Dragons Today Winter 2013-14 - page 9

D R A G O N S T O D A Y . w i N T e R 2 0 1 3 / 1 4
Add to this the 150 pupils in the swim
squad and the 140 involved each week
in sculling – and a host of minor sports
from fencing to karate in which children
participate and compete nationally and
internationally in over 33 fixtures - and
there really is something for everybody.
The Dragon has the scope to provide
balance, providing enough opportunities
for the best to continue being the best,
whilst also giving everyone a chance to be
competitive. Our aim is that every child,
regardless of ability, should leave the
Dragon with happy memories of sport
and eager to continue playing.
The statistics demonstrate that levels
of team participation are high:
Helen Mastrantone
The large, comfortable library is at the centre of the Dragon and the
Librarian is at the heart of its place in school life.
Dragons Today
Helen Mastrantone who joined the school in 2012.
Where were you before the Dragon?
I studied English at Bristol University before
my PGCE at Oxford University. Then I
taught in a secondary school in Abingdon
for three years, while also doing an MA in
English. Having decided I wanted to move
into school librarianship, I became a library
trainee at All Souls College, Oxford; I
then studied for an MA in Librarianship at
University College London. I worked at the
Bodleian Law Library while I was studying,
and briefly at charity Family Links, before
starting my first professional library post at
the Dragon.
What is the role of the librarian
in the modern prep school?
If you ask a class of 8-year-olds how many
of them like books and reading, nearly all
the hands will shoot into the air. But if you
ask a class of 13-year-olds, will you have the
same response? I’m always thinking: how
can I keep as many of those hands in the air
throughout those five years? (Not literally of
course, that would be tiring.) I’m convinced
that if you “go off” reading between the ages
of 8 and 13 then something has gone wrong
for you; either you have not had access to
the right books or something has happened
to make you lose your confidence. So my
role is to keep everyone in touch with their
inner reader – I know everyone’s got one!
How do you go about building
the Dragon school library?
I’m spoilt for choice - there are so many
amazing authors and beautiful books for
children being produced all the time. One
of the most important things I do is listen to
what the children want to read; if someone
says “Ma you HAVE to get this book for
the library – it’s AMAZING”, then I will
usually add it to my shopping list. The library
collection is definitely a team effort and I
hope everyone feels represented when they see
what they can choose from. People need to be
free when they read; recommendations and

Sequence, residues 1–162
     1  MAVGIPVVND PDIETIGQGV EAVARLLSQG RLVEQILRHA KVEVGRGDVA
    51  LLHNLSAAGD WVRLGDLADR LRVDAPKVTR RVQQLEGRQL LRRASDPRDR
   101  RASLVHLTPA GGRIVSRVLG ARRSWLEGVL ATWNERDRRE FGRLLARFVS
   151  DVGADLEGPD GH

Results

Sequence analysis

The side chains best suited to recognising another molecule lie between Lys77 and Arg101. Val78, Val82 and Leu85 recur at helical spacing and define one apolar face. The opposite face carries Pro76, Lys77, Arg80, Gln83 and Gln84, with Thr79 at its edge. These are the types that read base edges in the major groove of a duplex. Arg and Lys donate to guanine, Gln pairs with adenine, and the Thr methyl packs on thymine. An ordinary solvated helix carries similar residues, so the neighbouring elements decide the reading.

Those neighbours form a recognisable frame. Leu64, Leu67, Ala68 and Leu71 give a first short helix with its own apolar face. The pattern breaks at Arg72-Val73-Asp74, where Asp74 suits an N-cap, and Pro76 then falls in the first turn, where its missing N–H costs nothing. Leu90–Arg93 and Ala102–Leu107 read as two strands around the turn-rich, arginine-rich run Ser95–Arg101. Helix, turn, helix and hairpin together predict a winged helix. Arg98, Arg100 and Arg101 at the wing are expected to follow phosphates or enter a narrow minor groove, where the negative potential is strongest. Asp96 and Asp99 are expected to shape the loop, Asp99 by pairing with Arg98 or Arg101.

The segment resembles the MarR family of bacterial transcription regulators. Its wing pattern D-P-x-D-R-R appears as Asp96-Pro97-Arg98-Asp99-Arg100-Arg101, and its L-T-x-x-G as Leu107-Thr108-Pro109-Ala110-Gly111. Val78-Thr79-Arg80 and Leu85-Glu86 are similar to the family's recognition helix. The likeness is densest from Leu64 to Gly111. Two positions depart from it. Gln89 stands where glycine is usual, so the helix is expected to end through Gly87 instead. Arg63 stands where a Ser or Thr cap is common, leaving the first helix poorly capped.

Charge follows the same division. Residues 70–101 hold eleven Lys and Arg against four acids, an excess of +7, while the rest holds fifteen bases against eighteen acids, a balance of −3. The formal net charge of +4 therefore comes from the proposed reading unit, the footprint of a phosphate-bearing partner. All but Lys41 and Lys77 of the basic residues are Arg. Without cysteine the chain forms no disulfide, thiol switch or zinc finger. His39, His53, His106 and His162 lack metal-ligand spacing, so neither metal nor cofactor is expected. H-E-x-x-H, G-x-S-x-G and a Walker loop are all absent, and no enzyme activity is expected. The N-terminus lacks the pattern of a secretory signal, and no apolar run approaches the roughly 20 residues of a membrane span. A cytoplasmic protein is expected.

suggestions are great but until you have the
right book in the right pair of hands at the
right time, the magic just won’t happen – so
choice, experimentation and communication
are all really key. This applies to non-fiction as
well as fiction, of course.
How does using the library help
shape a Dragon?
I hope that Dragons leave the school having
been influenced by the library in two ways.
Firstly, I hope that they identify themselves
as “readers” – that they see reading as part
of their daily lives, just as they see sport,
or even eating and sleeping. Secondly,
I hope they understand that being clever
isn’t about always having the answers, it’s
about knowing how to find the answers.
I demonstrate this daily to the children by
being almost unbelievably ignorant of the
most simple things, but always finding a
book that will tell me what I want to know.
Just today I embarrassed myself with my
patchy knowledge of photosynthesis – but
I could find the right book and the right
answer in seconds. That’s power - and it’s
a power I hope to bestow on all Dragons!
What were your favourite books
as a child?
Some of my favourites were
Little Women
by Louisa M. Alcott,
Anne of Green Gables
by L. M. Montgomery,
by Roald
Dahl and the
Malory Towers
series. I think
I identified with imaginative, passionate
characters who got into trouble by being
a bit too opinionated and impulsive;
characters like Jo, Anne and Darrell all had
to learn about their strengths and weaknesses
and decide what sort of people they wanted
to be. That really helped me when I was
growing up. I will never forget the moment
Anne cracked a slate over Gilbert’s head, or
when Darrell slapped Gwendoline in the
swimming pool. (Disclaimer: I have never
done either of these things!)
The other book that left a huge impression
on me when I was about ten was
. Never before or since have I been so
completely transported into another world,
and I still get a shiver down my spine when
I see the cover of the edition I had as a child.
Team Selection 2013
– 87% of boys
– 88% of girls
– every Upper School boy
– 61% of boys
Rounders & Netball
– every girl
in Years 5 to 8
1,2,3,4,5,6,7,8 10,11,12
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